1. Take a moment to reflect
The first step is to take a breath. Recognise that although being home is filled with tasks and jobs to be done and completed, it is also filled with love and memories to be made. Recognise that you made it through the recent life threatening event and made it back home with your child, instead of saying goodbye in ICU, when the doctors were crying beside you. And remember that you got through that, so you can get through this. However it may look.
2. Organise the medication
Depending on the illness of the child/ children first thing to get into order will be medication. Some medication is life saving and is crucial to their health, which can help with pain, vomiting and of course the treatment. so always start here. I will share more in an upcoming post how we have learnt to best manage the children’s medication.
3. Make a meal plan
The very next thing to do is sit for a few minutes and meal plan. This has taken me a while to manage correctly, and detail further, so completely understand if this is overwhelming, but the time, stress and worry about dinners and having food in the house is removed.
I know first hand this is a lifesaver on its own. I gave up on trying to get out to the supermarkets, as I couldn’t take my ill children, and getting the time for me to go was proving too difficult. I now always order online.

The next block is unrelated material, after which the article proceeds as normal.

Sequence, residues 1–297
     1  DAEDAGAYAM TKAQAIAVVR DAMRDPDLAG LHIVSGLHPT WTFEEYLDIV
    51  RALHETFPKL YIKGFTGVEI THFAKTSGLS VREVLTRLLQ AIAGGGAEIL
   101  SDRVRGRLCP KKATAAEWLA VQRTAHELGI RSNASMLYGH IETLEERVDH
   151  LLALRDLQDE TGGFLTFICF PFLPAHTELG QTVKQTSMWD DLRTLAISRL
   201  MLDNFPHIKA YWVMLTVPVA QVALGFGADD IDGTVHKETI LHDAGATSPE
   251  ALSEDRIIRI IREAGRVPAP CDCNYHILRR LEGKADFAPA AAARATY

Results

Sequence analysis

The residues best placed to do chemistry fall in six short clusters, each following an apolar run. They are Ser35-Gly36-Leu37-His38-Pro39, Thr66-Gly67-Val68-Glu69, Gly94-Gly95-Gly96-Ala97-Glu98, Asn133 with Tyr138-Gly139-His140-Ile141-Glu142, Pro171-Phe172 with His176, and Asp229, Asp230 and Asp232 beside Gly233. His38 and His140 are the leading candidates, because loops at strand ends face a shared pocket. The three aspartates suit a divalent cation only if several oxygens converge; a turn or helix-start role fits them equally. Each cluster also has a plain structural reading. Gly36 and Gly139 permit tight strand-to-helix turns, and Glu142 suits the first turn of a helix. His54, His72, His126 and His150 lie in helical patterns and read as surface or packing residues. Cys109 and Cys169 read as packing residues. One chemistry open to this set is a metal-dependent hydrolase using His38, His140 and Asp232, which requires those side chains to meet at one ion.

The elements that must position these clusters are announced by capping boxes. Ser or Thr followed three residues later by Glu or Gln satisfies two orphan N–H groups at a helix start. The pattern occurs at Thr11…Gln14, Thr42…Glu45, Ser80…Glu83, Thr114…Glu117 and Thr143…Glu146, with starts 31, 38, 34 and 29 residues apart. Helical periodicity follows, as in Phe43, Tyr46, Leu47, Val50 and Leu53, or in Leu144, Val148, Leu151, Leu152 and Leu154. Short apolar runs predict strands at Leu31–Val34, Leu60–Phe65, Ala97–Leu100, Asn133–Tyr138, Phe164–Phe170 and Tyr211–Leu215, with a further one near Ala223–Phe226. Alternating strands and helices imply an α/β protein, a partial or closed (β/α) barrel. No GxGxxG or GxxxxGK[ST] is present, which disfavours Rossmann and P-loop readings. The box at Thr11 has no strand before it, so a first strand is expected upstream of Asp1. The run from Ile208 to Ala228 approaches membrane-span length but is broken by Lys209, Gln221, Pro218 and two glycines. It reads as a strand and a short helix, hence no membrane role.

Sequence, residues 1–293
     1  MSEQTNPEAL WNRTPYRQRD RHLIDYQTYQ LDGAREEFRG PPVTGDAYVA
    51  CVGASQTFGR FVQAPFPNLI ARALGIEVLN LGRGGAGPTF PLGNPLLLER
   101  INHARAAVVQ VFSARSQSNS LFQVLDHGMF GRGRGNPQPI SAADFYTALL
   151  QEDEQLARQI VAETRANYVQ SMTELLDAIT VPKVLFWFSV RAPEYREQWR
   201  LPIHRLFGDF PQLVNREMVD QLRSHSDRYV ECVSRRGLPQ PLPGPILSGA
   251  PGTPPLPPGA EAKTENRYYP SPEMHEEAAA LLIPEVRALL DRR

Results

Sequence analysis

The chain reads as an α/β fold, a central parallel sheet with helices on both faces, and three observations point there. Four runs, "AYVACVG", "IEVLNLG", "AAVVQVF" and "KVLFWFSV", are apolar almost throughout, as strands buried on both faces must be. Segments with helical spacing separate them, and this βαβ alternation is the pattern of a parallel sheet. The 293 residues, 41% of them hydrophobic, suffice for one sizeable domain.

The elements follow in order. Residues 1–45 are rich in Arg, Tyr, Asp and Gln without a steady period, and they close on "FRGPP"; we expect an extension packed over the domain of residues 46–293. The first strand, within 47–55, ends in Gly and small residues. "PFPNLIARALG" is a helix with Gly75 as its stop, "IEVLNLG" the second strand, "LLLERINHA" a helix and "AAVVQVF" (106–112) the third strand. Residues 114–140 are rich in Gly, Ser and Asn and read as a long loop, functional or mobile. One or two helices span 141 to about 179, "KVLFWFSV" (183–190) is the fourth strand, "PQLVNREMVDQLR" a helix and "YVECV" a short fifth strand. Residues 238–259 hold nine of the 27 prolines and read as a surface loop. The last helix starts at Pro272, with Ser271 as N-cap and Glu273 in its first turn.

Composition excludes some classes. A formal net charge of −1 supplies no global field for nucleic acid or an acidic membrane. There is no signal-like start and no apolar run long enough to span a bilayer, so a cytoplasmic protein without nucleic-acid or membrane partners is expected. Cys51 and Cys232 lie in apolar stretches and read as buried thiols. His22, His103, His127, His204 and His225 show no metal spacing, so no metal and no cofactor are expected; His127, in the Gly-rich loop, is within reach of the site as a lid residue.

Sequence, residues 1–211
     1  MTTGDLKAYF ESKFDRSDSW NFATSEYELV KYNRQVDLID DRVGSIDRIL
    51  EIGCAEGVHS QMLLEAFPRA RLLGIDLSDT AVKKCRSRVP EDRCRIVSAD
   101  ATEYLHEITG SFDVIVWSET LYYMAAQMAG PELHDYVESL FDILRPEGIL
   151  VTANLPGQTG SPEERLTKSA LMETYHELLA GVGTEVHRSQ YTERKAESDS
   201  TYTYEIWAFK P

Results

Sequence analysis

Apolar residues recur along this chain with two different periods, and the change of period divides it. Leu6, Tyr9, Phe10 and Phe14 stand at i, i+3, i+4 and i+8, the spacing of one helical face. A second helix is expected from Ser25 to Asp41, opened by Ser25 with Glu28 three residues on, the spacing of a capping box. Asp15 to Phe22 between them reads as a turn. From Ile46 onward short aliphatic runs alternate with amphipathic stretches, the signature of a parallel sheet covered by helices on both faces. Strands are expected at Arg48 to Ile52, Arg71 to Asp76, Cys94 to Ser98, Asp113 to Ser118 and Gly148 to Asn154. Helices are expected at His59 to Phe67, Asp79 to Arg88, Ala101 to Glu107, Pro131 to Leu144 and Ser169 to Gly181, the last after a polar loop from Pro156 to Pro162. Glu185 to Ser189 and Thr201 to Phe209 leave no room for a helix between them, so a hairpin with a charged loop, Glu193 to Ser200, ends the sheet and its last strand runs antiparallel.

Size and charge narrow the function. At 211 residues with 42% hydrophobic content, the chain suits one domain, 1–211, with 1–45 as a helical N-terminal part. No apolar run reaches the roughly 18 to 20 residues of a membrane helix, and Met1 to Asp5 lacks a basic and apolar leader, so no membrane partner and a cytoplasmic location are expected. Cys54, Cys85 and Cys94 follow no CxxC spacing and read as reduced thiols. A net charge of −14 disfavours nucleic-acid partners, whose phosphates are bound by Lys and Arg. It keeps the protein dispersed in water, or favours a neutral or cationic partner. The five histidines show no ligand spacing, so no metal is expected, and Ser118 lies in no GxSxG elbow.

Start simply with a handful of easy recipes. My advice here is to try to make double and freeze what you can for the nights where cooking is simply out of the question. I know many mums and families who order things like Hello Fresh and Uber meals, when times get tough and this is a wonderful idea also. We live in rural Victoria, so this was never an option for us. I know this can also be a little more expensive, but release that guilt for the moment and allow some grace in your life.
4. Drop the guilt
This step is something I am simply not very good at but I have become better at this over the years. When I think back, life would have been a lot easier if I had done more of this.
Know when to say ‘Yes’ and know when to say ‘No’ with no guilt attached. I love the saying that when you say no to something - you are actually saying yes to something else.
You will quickly learn who is there to stand beside you, and those who simply cannot understand, or chooses not to. There are seasons that allow more time and space for those who may drop off along the way and seasons that don’t. Coming home with a child who has been through an ordeal you, your family and the doctors can only understand, is usually a time when you are better to surround yourself with people who will do their best to understand and assist with the practical things in life.
The help you can say a definite yes to are things like: cleaning of the floors, the
washing, meals, and taking out the ill child's siblings, so they can enjoy some life, and forget for a moment what is happening around them. There are services that can help with all of these things. If you are lucky enough to be a part of NDIS, some of this may be covered, otherwise places like local councils can also provide support.
Trying to remember to put one step in front of the other is important at this point in time, and to remember you are not alone.